This week, New York Times Books asked, "What's your favorite Dr. Seuss book and why?" via Twitter. As I attempted to write my response to this monumental question within the infuriating restraint of 140 characters, I realized there was no satisfying way I could sum up the impact Dr. Seuss' The Lorax has had on me in so few words. (Or maybe I simply lack the brevity of wit a tweet requires.)
You see, The Lorax played an integral role in shaping the person I am today. It changed the entire course of my high school experience, it was the subject of the college entrance essay that got me accepted to the university of my dreams, and it connected me with lifelong friends, bonding us together in a cult of like-minded people (as indicated by the T-shirts being worn in the first image of this post).
It all started at the end of my freshman year of high school. My friend convinced me to spend one week of my precious summer vacation on a school science trip in Olympic National Park hiking, camping and studying the ecology of the northwestern region of Washington. The trip was one of four annual field studies organized by our school's science department to bring lessons outside of the classroom. (At the time, the trips included Joshua Tree, Yosemite, Monterey and Olympic National park.)
Each trip was bookended with thoughtfully selected Dr. Seuss books. On the first night, Mr. Smith, our school's preeminent biology teacher and the mastermind behind the field study concept, read The Sneeches aloud. The tale set the tone of the trip, highlighting the pitfalls of the temptation to judge a someone by their appearance -- a pertinent lesson for a group of high school students.
On the last night of each trip, after a week of hiking scenic trails and bonding with peers in that unshakable, cliché campfire way, Mr. Smith read The Lorax aloud. If you're not familiar with the story, the Once-ler, a rather mysterious narrator, comes upon a place filled with wonderful Truffula Trees, Swomee-Swans, Brown Bar-ba-loots, and Humming-Fishes. Captivated by the beauty of the Truffula Trees, the Once-ler greedily chops them down to produce and mass-market Thneeds made of Truffula Tree tufts.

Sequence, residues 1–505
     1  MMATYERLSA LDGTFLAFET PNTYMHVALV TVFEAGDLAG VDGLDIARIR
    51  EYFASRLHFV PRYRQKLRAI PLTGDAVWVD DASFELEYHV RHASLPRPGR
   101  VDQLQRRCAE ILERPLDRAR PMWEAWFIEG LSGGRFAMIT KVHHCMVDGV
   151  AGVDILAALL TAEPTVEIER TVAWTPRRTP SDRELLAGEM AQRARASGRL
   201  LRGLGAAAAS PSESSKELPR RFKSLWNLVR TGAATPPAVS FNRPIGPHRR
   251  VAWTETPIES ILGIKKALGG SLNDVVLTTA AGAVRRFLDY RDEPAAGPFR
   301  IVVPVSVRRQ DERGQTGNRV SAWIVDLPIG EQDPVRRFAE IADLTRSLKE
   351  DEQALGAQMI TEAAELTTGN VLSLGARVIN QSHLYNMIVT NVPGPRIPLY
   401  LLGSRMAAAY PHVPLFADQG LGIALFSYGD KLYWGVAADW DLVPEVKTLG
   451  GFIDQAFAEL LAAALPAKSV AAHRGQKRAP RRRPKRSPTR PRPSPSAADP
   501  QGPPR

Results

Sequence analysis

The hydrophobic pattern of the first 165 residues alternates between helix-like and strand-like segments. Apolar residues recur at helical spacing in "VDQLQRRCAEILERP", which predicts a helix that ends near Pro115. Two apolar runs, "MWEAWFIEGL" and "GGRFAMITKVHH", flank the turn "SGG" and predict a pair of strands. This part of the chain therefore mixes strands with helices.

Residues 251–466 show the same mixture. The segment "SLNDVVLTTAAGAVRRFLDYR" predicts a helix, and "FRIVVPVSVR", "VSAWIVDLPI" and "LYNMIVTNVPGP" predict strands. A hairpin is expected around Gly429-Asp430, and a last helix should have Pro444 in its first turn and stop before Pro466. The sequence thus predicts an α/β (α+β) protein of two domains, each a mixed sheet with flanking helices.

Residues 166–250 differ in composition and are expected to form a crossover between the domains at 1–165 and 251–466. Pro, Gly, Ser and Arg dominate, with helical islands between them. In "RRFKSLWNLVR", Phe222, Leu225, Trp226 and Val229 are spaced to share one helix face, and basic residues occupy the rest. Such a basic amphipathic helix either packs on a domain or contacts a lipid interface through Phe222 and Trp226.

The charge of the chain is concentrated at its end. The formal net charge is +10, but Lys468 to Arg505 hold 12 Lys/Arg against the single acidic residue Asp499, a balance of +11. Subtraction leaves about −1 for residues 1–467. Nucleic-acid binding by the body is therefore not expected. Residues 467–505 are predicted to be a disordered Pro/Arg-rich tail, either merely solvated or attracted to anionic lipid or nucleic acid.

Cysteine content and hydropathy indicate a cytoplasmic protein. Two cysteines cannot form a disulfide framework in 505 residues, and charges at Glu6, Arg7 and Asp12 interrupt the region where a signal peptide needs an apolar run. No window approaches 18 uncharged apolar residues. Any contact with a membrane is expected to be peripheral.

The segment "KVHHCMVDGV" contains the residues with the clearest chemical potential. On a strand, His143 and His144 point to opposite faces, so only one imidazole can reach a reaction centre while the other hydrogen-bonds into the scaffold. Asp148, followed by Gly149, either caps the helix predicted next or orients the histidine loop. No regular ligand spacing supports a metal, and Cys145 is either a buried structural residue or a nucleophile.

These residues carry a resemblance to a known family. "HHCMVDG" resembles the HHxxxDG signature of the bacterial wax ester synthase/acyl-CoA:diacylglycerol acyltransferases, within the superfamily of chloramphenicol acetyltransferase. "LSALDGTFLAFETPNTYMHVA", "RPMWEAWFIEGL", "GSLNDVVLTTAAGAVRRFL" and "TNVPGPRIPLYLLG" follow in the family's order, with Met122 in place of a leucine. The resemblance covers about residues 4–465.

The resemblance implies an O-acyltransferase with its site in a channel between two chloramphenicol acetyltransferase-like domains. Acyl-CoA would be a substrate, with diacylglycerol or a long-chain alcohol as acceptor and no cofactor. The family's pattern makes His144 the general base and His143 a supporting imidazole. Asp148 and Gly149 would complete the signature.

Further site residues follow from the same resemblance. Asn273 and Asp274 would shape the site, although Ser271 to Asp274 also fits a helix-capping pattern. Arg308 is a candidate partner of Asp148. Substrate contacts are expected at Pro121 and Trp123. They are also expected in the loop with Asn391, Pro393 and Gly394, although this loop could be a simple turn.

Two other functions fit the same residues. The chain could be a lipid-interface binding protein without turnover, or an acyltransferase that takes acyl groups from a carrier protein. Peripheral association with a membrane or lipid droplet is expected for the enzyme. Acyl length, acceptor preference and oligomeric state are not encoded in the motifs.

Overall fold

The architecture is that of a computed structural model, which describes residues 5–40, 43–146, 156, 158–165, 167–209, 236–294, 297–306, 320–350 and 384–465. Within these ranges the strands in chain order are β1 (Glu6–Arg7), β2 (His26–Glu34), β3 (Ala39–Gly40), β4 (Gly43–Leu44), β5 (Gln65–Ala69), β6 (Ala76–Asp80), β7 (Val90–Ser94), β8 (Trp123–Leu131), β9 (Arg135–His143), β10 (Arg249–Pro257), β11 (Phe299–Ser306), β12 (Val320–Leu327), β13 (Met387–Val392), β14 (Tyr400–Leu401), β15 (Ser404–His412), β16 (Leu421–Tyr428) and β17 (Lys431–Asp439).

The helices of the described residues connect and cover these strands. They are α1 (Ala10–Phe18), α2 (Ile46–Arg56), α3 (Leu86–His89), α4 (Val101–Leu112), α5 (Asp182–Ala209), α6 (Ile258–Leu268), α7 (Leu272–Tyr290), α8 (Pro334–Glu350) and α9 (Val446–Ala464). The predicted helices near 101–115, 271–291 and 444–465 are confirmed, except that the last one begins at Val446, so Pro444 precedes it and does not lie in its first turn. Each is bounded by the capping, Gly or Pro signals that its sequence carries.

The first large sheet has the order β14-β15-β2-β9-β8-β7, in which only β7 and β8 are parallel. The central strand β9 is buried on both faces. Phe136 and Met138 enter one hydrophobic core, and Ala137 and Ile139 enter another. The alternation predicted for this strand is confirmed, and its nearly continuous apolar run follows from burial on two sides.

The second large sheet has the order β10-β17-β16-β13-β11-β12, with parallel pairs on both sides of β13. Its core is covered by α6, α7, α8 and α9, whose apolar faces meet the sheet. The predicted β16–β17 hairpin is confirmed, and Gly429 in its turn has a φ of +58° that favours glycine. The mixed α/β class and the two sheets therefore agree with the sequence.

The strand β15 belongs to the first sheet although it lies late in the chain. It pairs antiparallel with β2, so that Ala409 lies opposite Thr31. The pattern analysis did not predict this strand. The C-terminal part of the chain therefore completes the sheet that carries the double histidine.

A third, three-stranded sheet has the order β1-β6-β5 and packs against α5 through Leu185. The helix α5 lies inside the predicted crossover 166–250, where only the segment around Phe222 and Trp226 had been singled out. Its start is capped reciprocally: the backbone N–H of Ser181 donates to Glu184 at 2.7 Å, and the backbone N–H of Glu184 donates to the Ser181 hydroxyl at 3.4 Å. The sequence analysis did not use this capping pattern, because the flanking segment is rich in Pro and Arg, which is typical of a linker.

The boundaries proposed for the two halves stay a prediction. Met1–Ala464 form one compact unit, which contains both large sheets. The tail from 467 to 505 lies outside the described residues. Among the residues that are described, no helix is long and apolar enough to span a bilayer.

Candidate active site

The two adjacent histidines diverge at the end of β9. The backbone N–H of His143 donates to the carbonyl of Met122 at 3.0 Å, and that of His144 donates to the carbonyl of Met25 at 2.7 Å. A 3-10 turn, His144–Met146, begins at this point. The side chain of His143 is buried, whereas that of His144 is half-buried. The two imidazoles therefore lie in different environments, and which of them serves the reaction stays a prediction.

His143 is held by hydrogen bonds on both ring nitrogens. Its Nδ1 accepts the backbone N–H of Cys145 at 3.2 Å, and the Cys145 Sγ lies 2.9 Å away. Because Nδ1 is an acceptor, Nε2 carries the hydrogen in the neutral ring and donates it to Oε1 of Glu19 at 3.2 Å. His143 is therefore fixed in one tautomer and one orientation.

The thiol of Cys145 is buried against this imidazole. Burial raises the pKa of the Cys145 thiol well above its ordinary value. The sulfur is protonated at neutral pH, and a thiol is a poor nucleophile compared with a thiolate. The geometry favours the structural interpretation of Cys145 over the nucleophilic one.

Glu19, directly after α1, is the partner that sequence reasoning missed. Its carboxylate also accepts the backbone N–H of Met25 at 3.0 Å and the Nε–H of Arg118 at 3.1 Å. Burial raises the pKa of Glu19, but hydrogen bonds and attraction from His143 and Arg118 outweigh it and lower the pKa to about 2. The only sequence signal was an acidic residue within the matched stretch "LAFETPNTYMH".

As the trees swiftly disappear and the creatures start to leave, the Lorax warns the Once-ler about the pollution and destruction caused by his Thneed factories, but the Lorax's words of wisdom are ignored. Finally, the Lorax vanishes, leaving only a rock engraved with the word "UNLESS." Luckily, the Once-ler saves a single Truffula Tree seed, which he gives to a caring child, who becomes the last chance for a future that includes Truffula Trees. At the end of the book, the Once-ler's words of wisdom to the child are: "UNLESS someone like you cares a whole awful lot, nothing is going to get better. It's not."
After the reading, Mr. Smith would distribute a single bead to each student, which not only symbolized the Truffula seed the Once-ler passed along to the young child in the story, but also served as a tangible memento of the trip itself. Then, Mr. Smith would begin the ceremonial gifting of a copy of The Lorax to a student who embodies the accepting qualities of the Sneeches and the generous spirit of the Lorax -- usually a senior, but every once in a while that influential younger student would have the book bestowed upon them. This was (and remains to be) the highest honor in the realm of field studies.
I'm sad to say I've since lost my Truffula seeds and my treasured copy of The Lorax. After we moved out of my childhood home in the midst of my parents' divorce, I couldn't find them in any of the cardboard boxes I'd so carefully labeled during the packing process. I desperately searched for them in the dimly lit storage unit among the relics of my childhood, but I've come to realize that they're just Thneeds. The lessons I carry with me every day as a result of my field studies experiences are far more valuable than the mementos from that time in my life. Though, I'd be lying if I told you I didn't miss them.
What about you? What's your favorite Dr. Seuss book? If you have a minute to share, I'd love to hear...